- A co-facilitator will likely take notes and monitor any recording equipment used. The co-facilitator may summarize after each question and solicit further input as required.
- You’ll be asked specific questions, and engage in conversation with the other participants.
What you shouldn’t expect:
- A venting session. This isn’t the time to just complain. A focus group is looking for constructive feedback and suggested solutions.
- To always have your say: the facilitator may realize they have reached saturation on a particular question and will move on. This is to respect your time. (You’ll have an opportunity to send additional comments electronically afterwards if you felt there is an important point that was missed).
What you can do to prepare:
- If the questions are provided in advance (this is best practice but not always possible on tight timelines!) you should take some time to think about them.
- Be sure you know where the meeting room is, and arrive on time.
What you can do during:
- Contribute, but make sure you don’t end up dominating the conversation. The facilitator will be looking for a balance of views and contributors.
- Listen attentively to others and avoid interrupting. The facilitator will make sure everyone has a chance to contribute – you’ll get your turn.
What you can expect from data collected at a focus group:
- It will be confidential. Different strategies are employed. For example, you may be assigned a number during the focus group and participants asked to refer to people by number (“Participant 2 said…”).
- In a formal research study, you should be offered an opportunity to review the data transcript after it is prepared. (This is sometimes waived on the consent form, so read carefully so you can have realistic expectations of the investigator).
- The end product is a summary of the conversation, with any emergent themes identified to answer the research questions.
What you can’t expect:
- A magic bullet solution to a challenge in a course or class.
- One hundred percent consensus from all participants – you can agree to disagree.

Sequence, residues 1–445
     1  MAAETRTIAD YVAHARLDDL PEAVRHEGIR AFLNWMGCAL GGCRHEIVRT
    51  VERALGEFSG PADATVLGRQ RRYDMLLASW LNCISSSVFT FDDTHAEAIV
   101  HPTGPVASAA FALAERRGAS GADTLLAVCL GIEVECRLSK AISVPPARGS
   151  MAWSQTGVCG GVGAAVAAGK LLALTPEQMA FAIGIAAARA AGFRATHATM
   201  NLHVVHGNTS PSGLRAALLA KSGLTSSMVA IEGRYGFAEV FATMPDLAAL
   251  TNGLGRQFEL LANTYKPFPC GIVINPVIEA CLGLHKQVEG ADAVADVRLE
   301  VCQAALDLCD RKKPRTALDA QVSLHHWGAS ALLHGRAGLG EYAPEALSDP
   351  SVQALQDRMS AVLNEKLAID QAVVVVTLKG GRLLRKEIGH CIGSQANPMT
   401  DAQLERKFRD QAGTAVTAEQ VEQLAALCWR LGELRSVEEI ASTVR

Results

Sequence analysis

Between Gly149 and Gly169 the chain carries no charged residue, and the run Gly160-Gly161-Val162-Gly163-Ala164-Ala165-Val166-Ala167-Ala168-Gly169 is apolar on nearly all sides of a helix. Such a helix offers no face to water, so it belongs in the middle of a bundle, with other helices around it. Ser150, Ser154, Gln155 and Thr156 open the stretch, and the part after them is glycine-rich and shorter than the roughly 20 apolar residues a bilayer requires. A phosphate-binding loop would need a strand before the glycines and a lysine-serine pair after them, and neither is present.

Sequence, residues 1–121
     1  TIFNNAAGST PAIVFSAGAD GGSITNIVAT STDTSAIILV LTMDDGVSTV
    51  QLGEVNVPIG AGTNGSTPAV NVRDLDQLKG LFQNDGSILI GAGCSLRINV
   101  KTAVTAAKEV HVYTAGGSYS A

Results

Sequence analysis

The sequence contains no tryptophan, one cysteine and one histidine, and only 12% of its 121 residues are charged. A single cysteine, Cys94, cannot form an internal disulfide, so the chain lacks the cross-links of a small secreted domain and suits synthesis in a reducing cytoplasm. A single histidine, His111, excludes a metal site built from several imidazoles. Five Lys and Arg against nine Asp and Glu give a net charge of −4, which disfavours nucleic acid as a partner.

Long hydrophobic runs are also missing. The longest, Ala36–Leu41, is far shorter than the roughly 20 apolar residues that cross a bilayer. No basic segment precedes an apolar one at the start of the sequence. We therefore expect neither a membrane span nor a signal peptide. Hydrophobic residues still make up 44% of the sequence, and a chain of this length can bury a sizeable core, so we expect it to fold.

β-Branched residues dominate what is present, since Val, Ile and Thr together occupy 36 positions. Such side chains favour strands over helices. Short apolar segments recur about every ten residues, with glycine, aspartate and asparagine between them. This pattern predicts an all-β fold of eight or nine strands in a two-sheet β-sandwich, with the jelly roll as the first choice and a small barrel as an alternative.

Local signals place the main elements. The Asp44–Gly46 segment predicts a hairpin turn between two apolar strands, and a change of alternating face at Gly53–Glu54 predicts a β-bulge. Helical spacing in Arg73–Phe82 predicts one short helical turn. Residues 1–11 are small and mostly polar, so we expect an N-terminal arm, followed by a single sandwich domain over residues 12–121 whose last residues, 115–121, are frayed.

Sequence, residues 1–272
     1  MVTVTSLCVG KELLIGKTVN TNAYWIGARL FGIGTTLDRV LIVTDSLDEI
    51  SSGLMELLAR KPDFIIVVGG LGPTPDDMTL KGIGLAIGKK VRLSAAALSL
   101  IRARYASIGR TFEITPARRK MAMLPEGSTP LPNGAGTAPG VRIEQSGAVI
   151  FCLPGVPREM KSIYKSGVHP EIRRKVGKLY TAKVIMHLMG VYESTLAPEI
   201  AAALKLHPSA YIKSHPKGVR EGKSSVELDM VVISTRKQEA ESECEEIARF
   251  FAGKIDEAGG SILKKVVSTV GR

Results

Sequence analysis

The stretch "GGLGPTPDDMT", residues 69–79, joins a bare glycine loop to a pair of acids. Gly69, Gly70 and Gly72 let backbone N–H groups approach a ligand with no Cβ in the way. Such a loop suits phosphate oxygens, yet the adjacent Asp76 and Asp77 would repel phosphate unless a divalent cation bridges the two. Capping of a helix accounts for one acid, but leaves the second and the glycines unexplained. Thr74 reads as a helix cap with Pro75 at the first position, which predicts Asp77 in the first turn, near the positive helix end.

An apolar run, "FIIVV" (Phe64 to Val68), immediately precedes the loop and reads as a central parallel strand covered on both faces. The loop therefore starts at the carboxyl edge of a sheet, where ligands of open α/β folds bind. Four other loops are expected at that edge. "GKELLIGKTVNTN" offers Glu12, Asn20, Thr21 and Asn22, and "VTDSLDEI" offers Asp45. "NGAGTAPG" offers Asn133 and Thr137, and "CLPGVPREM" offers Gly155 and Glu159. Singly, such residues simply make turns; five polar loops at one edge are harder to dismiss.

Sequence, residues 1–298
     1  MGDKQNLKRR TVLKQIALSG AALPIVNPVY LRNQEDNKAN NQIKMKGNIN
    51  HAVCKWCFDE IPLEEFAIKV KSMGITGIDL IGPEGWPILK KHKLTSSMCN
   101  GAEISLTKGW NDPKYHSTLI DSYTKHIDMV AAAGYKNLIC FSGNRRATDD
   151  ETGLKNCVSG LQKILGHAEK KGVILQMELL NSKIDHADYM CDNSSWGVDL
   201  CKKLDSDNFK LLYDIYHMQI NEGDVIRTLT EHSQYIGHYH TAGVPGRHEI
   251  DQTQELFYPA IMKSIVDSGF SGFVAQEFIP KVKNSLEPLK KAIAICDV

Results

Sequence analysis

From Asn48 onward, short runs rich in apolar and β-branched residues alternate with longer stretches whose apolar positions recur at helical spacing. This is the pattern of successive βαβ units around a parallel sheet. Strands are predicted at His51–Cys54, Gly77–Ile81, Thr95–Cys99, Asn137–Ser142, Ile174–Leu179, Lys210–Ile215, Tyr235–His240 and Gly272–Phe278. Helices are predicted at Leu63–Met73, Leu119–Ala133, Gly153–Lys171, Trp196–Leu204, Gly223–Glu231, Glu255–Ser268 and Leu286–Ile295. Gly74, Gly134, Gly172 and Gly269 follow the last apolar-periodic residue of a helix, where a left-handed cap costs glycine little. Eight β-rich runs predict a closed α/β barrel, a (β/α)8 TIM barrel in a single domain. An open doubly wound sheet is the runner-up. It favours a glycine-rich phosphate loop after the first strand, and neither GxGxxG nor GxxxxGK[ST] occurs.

- For all outlier opinions to be represented in the final report. These may be omitted from summary reports.
We’re always grateful to our students for donating their time to our various focus group requests throughout the year. These contributions are invaluable.
If you think this type of data collection could be useful in your course review and revisions, feel free to get in touch. It’s one of the tools in our qualitative research toolbox and we’re happy to deploy it for you as may be appropriate.
Eleni Katsoulas email@example.com
Theresa Suart firstname.lastname@example.org
Student wins prize for project on physicians with disabilities
What started as a project for her Critical Enquiry class turned into an award-winning poster presentation for Kirsten Nesset of MEDS 2017.
Nesset attended the 24th annual History of Medicine Days Conference at the University of Calgary in March where she won Best Poster Presentation for “Physicians with Disabilities in Canada: History and Future”.
Classmates Elena Barbir and Sophie Palmer also attended the conference, presenting on their Community-Based Projects. The three received the Boyd Upper Prize, which is awarded to the Queen’s medical student or students who have conducted original historical research and then had the work accepted for presentation at a peer-reviewed meeting.
Nesset’s interest in the area of disability started at home, she explained in an interview.
“It was something I was really interested in because my father has a visual disability and he’s an engineer,” she said. “He lost his vision when I was about 10 – so I grew up with him adapting to that and his work making accommodations.” And this got her thinking.
“You don’t really see many people with visual or physical disabilities in medicine and I wondered what the accommodations might look like for them and what kind of policy might be in place if there was any,” she said. “I wondered what that looked like in Canada.”
She quickly discovered that there wasn’t much information readily available. “It ended up being a much more global project in the end because there’s very little research in Canada,” she said.
As her CE Mentor, Jacalyn Duffin, pointed out: “Her first discovery was that almost no one had published on that topic, although there was a robust literature on burnout, stress, addictions and other mental problems.”
“The absence of any historical predecessors meant that she had to do some original digging, to produce what is effectively the first history on the topic and to try to explain why the question has not been asked before,” Duffin added. “Her research involved searching the literature, news reports, and eventually interviews.”
“Although Kirsten’s focus was Canada, she discovered that a relative silence on physicians with disabilities pervades the literature in general, making her findings relevant well beyond our borders,” Duffin said.